• Onion fly(Hylemia antigua). A yellowish-gray fly of about seven millimeters, with five characteristic dark lines on the thorax, yellow wings with black legs and antennae. Each adult lays about 150 eggs that hatch in about 22 days. As in the previous case, it overwinters in the soil in the pupal stage. The first generation appears with the arrival of good temperatures… at the end of March or early April depending on the geographical area where we are. After two weeks, the clutches begin to lay singly or in groups of about 20 eggs near the neck of the plant, on the ground or on scales. Larvae appear after five days and up to five generations can occur per year if the weather is favorable. As for the damage, it produces them throughout the plant: in the apex of the leaf that pales and then dies, rotting the affected parts of the bulbs and in flowers it damages them so that they abort without the possibility of obtaining seeds.
Escarabajo de la cebolla adulto
  • Onion moth(Acrolepia assectella). In its adult state, it is a small butterfly with a wingspan of only 15 millimeters. It can be easily distinguished because its forewings are olive-blue with small ochre-yellow scales, while the hind wings are grayish. The larvae are almost two centimeters long, yellow with a brownish head. Laying by the female butterflies takes place at the end of May and the larvae penetrate inside the plant as soon as they flutter, producing holes in the leaves. These caterpillars move inside the leaves until they reach the bulb, eventually causing rotting as a result of secondary infections caused by fungi.
  • Nematodes(Dytolenchus dipsaci). These can attack onions or calçot at any stage of plant development, although mainly on the youngest tissues. If they are in the seedling stage, they stop growing, curl and lose color. If the bulbs are more developed, their tissue softens near the top. In all cases the crop is significantly reduced.
  • Thrips (Frankliniella occidentalis) Thrips are elongated insects measuring about 1- 2 mm (visible to the naked eye and recognizable with a magnifying glass) and are brown in color. These insects suck plant material from the tomato plant. The area where it has been suctioned presents a silvery coloration and eventually necroses.


  • Blight(Urocystis cepulae). This disease also frequently attacks garlic, chives and leeks. It is a soil-borne disease. Infection begins by attacking the first young leaves near the soil surface. Once the seedling is infected, the fungus spreads throughout the seedling. The symptoms of Urocystis cepulae attack manifest themselves in the form of lead-colored bands which, when they burst, give off black powdery masses composed of spores. These spores fall to the soil and leave it contaminated and useless for onion planting for a long period of time.
  • White tip(Phytophtora porri). It also attacks leeks and garlic. The tips of the leaves of affected plants become white in appearance, much as if they were bleached by frost. These infected leaves rot and eventually the entire plant rots as well. As a cultural measure, it is recommended to rotate the crop and not to repeat it in the same field for three years in the case of an attack.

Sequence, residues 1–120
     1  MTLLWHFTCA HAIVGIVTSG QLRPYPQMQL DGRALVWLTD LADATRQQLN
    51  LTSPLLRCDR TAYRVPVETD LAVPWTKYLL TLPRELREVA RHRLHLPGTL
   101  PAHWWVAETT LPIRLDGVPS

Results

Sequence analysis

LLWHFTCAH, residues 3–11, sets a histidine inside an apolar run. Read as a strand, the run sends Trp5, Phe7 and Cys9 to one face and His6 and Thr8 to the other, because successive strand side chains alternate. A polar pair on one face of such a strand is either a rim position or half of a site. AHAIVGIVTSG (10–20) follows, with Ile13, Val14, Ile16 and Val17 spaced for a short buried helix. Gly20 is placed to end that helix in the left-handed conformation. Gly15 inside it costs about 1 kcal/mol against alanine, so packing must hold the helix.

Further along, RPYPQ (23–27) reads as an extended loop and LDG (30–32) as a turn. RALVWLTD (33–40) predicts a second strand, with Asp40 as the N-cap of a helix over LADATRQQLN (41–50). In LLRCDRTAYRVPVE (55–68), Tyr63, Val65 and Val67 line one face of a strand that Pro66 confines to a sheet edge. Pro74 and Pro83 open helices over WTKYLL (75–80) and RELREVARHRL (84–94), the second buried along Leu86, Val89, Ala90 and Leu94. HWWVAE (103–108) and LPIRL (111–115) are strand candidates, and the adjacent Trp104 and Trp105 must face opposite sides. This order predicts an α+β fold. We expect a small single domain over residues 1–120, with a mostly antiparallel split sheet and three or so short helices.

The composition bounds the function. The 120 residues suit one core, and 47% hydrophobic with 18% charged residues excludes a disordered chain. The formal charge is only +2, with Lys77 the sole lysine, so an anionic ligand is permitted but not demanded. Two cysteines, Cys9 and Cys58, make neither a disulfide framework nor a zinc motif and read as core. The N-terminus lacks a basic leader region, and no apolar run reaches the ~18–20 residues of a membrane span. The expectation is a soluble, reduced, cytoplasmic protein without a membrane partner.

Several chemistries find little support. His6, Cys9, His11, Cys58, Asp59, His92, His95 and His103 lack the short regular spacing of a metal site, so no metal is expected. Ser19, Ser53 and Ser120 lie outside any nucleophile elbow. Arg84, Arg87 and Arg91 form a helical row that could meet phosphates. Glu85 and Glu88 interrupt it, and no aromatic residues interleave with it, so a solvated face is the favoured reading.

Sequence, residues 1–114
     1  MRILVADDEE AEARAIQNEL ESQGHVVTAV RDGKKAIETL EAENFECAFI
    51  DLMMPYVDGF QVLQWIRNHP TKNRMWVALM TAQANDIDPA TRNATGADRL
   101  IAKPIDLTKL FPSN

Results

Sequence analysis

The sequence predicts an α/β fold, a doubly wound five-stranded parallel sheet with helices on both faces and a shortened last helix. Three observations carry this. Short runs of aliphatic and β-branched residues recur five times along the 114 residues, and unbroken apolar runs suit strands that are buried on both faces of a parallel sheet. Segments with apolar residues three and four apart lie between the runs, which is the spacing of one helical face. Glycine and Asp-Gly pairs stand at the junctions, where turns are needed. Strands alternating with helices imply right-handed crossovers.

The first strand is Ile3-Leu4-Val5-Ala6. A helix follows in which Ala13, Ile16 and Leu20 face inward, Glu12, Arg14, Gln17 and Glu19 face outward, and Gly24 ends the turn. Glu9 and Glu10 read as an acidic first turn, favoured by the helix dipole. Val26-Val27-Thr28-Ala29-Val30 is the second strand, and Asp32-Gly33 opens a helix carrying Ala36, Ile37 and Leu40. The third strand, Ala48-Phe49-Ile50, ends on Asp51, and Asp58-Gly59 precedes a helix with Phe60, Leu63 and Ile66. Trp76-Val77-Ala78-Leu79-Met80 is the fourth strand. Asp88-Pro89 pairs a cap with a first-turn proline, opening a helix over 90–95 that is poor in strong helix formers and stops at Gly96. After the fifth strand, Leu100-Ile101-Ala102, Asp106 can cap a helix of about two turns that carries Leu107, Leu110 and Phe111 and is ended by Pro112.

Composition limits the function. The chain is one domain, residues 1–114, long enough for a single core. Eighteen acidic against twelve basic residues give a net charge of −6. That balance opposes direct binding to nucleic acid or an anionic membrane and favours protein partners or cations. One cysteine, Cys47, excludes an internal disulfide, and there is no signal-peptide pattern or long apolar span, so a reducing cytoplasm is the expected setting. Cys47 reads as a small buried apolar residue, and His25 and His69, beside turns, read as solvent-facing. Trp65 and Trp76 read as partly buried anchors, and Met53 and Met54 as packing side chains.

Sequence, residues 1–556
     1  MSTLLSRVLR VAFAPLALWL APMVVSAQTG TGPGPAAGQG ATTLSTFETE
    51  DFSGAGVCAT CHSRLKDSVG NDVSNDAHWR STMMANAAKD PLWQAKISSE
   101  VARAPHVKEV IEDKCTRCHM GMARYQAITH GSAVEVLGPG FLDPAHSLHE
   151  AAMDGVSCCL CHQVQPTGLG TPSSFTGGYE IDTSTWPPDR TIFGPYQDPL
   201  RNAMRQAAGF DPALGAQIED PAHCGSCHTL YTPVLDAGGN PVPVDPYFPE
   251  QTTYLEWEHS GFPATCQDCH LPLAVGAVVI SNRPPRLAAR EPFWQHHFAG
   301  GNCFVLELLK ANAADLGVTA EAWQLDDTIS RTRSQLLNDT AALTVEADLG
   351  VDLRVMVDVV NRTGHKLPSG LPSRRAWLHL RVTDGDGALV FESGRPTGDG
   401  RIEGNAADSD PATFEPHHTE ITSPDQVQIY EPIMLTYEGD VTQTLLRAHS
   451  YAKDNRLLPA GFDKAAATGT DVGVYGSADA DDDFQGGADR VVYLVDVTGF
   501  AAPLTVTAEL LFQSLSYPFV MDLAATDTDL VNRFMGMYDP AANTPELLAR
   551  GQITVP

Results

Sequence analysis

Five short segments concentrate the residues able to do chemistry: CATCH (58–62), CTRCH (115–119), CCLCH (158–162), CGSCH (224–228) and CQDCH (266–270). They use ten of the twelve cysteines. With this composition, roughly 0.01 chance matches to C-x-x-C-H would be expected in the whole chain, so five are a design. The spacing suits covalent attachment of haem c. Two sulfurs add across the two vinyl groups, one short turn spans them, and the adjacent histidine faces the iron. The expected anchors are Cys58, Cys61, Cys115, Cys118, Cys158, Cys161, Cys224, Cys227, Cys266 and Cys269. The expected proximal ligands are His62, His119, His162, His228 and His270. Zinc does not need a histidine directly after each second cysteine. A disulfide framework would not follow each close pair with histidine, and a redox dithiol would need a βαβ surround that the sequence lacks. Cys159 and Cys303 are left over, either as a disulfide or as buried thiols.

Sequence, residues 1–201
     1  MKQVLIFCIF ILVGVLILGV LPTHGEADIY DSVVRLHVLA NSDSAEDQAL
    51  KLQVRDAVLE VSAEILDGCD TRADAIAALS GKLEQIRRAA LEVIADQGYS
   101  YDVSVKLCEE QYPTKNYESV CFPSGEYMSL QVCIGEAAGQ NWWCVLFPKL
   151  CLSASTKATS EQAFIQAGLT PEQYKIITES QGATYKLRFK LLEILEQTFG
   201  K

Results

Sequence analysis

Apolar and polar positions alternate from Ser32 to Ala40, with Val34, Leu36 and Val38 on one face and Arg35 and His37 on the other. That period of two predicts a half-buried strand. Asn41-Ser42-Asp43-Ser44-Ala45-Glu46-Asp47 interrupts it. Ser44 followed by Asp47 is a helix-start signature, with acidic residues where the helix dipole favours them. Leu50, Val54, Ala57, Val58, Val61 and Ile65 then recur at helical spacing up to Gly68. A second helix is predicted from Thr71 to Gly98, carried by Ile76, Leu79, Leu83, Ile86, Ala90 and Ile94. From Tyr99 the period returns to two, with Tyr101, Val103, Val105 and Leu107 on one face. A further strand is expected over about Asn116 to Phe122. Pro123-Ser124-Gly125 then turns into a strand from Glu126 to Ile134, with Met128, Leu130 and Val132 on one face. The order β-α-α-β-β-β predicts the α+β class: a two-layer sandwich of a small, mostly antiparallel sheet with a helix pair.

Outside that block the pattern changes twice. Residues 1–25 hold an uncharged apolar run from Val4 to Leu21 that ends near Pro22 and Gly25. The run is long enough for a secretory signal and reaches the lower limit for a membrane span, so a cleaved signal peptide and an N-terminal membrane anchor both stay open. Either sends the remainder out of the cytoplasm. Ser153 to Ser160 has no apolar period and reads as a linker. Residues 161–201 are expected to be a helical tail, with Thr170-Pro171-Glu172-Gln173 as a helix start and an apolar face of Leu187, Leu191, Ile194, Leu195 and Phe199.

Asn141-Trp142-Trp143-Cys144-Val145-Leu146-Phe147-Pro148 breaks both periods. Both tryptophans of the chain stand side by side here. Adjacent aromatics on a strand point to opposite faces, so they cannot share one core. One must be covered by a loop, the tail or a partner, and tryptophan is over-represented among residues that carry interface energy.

• Botrytis(Botrytis squamosa). Characteristic yellow-white spots appear all over the leaf. When the attack is severe, leaf necrosis occurs and the plant dies. It favors humidity and low temperature conditions.
  • Alternaria(Alternaria porri). Affected plants initially show whitish lesions on the leaf that immediately turn brown. When the fungus sporulates these lesions take on a purple hue.
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  • Downy mildew(Peronospora destructor or schleideni). Warm and humid weather favors the development of this disease, which appears on new leaves with elongated spots covered with a purplish felt. If the attack persists and is not controlled, the tops of the plants die off completely and the bulbs fail to mature. Downy mildew is spread by the bulbs in the case of calçots, by the seeds or by the soil. One of the efficient cultural measures for its prevention is to grow onions on light, loose and well-drained soils.
  • Rust (Puccinia sp.). Rust attacks all group plants such as leeks, chives, etc., the most sensitive of all being garlic. Its first symptoms appear at the beginning of May and originate reddish-brown spots that later turn purplish, in which uredospores develop. Affected leaves dry out prematurely and even cause the plant to stop growing.
  • Onion charcoal(Tuburcinia cepulae). In the beginning, silvery-gray streaks begin to appear, which eventually become black. If the attack occurs at the seedling stage, the affected plants die. The attack begins with seed germination because the fungus persists in the soil crop after crop.
  • White rot(Sclerotium cepivorum). Affected plants are covered with a kind of white cottony felt in which sometimes small sclerotia can be seen on the surface of the bulbs. Attacks are focused both at the time of sprouting and as harvesting approaches. As a consequence of root damage, its leaves turn yellow and finally the plant dies.
  • Onion variegated. This is a disease caused by a virus transmitted by several species of aphids. After infection, the leaves become paler green and long yellow streaks appear. As a consequence, plants weaken and die.